Máire Mhac an tSaoi was born in Dublin in 1922. Her father, Seán MacEntee, a native of Belfast, was a prominent politician who had served in the 1916 rising against British rule in Ireland. Her mother was a teacher and scholar. Her uncle, Monsignor Pádraig de Brún, was a distinguished and influential schlolar of the Irish language. From the age of two she spent up to five months a year in his house in Dún Chaoin, in the heart of the Munster Gaeltacht, or Irish-speaking area, so that, the poet says, she can never remember a time when she was not bilingual. Her debut collection of poetry was published to acclaim in 1956 and subsequent volumes established her as a unique and revolutionary voice in Irish-language poetry.
Before she had ever published a book, Daniel Corkery, whose presence, according to Seán Ó Riordáin, whose presence even popes night enter apprehensively lest they be found wanting, had delivered a positive verdict on Máire Mhac an tSaoi’s work. In a 1953 essay on the poem ‘Inquisitip 1954’, he noted with approval the author’s technical accomplishment, he familiarity with tradition, and the graceful simplicity of her language. Three years later in his Christmas round-up of recent collections, Seán Mac Réamoinn declared her first collection, Margadh na Saoire, the most notable book in Irish for 1956, ‘for the strength of her talent, her artistic ability, and complete mastery of the Irish language. That mastery is in my view, the most notable feature of her work’.
In the Irish Times John Jordan was even more effusive, declaring her ambitious long poem, 'Ceathrúintí Mháire Ní Ógáin' ['Mary Hogan's Quatrains'] as “unquestionably the finest sequence of its kind written in Irish since the efforts to create in the revived language began… She is a prober of the condition of love, and no living Irish poet has brought more honesty and insight to the subject”.
Seán Ó Tuama’s review in Feasta was more sceptical. While acknowledging that there was a degree of conviction throughout the book and a fierce commitment to the native tradition, he argued that the collective voice of tradition tended to surpress her individual insight. Nonetheless, he applauded the humanity and integrity of feeling in a number of the shorter poems, identifying human relationships and her relationship with place as her primary preoccupations. Some thirty years later, in a 1984 interview, the poet remembered her debut collection as containing work written over almost twenty years, including ‘Oiche Nollag’, which she wrote at the age of fifteen.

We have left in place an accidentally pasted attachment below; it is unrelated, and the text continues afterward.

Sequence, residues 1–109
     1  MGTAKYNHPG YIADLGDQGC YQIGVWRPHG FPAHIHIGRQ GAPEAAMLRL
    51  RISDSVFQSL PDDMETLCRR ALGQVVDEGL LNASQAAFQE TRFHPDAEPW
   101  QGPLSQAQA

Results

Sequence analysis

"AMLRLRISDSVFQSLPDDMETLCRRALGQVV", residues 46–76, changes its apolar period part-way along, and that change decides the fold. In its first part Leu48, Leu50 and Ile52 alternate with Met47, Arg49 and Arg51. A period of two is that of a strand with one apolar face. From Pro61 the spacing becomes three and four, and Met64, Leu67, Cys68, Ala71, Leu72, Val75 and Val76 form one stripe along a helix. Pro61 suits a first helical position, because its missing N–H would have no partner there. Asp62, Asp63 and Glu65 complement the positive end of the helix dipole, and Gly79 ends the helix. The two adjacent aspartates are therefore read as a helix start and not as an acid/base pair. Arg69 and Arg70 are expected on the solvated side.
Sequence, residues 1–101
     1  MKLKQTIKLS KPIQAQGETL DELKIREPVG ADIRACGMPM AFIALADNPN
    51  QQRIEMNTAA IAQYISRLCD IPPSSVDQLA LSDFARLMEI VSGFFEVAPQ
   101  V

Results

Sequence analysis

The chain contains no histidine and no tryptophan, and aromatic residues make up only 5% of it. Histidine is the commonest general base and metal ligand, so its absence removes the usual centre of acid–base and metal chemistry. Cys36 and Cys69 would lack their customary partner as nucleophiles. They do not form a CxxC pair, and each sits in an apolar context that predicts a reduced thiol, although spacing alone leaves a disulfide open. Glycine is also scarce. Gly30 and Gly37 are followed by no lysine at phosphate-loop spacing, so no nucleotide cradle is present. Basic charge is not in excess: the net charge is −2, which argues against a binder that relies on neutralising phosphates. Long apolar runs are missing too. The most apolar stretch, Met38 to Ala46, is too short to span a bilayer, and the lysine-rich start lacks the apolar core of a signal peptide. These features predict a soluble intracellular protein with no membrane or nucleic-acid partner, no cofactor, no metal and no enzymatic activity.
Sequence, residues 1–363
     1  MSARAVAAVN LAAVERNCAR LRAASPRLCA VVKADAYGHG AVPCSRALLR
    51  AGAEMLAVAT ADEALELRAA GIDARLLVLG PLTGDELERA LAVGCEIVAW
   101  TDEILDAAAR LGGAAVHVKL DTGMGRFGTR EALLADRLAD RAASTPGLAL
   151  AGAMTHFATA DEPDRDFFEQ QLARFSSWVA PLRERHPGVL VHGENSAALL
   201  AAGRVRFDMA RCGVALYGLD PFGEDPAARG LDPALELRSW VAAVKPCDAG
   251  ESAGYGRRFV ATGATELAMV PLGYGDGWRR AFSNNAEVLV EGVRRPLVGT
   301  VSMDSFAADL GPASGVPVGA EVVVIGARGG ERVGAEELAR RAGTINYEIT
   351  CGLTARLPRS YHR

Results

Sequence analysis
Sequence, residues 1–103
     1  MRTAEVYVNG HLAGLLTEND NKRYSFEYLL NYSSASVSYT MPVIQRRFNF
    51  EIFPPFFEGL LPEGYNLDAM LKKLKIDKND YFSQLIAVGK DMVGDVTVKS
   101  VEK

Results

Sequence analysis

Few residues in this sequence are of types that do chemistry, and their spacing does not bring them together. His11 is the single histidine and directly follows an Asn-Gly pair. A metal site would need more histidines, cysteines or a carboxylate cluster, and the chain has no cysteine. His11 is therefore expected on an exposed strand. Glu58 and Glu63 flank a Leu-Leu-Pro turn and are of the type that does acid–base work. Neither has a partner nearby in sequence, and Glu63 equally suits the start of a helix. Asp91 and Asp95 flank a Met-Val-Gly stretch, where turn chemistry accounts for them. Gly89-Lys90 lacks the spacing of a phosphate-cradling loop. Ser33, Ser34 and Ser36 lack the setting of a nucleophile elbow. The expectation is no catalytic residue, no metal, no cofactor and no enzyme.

The centerpiece of Margadh na Saoire is 'Ceathrúintí Mháire Ní Ógáin', in which the poet adopts the persona of Mary Hogan, a woman afflicted by impossible love and unable to free herself from a destructive relationship. In folk tradition the name of Máire Ní Ógáin, who was reputedly the mistress of Donnchadh Rua Mac Con Mara, was a byword for female folly. John Jordan described the poem as an ‘anatomy of passion’, in which ‘Crazy Jane and the Hag of Beare come together, and the resultant utterance is contemporary and timeless’. More than half a century after it was first published, the declaration of female desire in 'Ceathrúintí Mháire Ní Ógáin' maintains its transgressive force, careless of social and religious censure:
I care little for people’s suspicions,
I care little for priests’ prohibitions,
For anything save to be stretched
Between you and the wall-
I am indifferent to the night’s cold,
I am indifferent to the squall or rain,
When in this warm narrow secret world
Which does not go beyond the edge of the bed-
A generation before the groundbreaking achievements of Eavan Boland, Nuala Ní Dhomhnaill, Biddy Jenkinson, Medbh McGuckian, Eiléan Ní Chuilleanáin, Rita Ann Higgins, and others, and in more daunting social circumstances, Máire Mhac an tSaoi’s poetry speaks to and from the intimate experience of women at a time when women’s voices were largely inaudible, on the margins of Irish literature and society. This bilingual selection of her work is the first substantial collection to introduce her work to an English-language audience and a reminder to readers of Irish why she is one of the most significant poets to emerge since the beginning of the language revival almost a century and a half ago.
Margadh na Saoire, Sáirséal agus Dill, Dublin, 1956
Codladh an Ghaiscígh agus Véarsaí Eile, Sáirséal agus Dill, Dublin, 1973
An Galar Dubhach, Sáirséal agus Dill, Dublin,1980
An Cion go dtí Seo, Sáirséal Ó Maircaigh, Dublin, 1987
Shoa agus Danta Eile, Sáirséal Ó Marcaigh, 1999
The Miraculous Parish / An Paróiste Míorúilteach, O'Brien Press / Cló Iar-Chonnachta, 2011
The Same Age as the State, O'Brien Press, Dublin, 2004
Mhac an tSaoi at the National University of Ireland, Galway
Mhac an tSaoi at O'Brien Press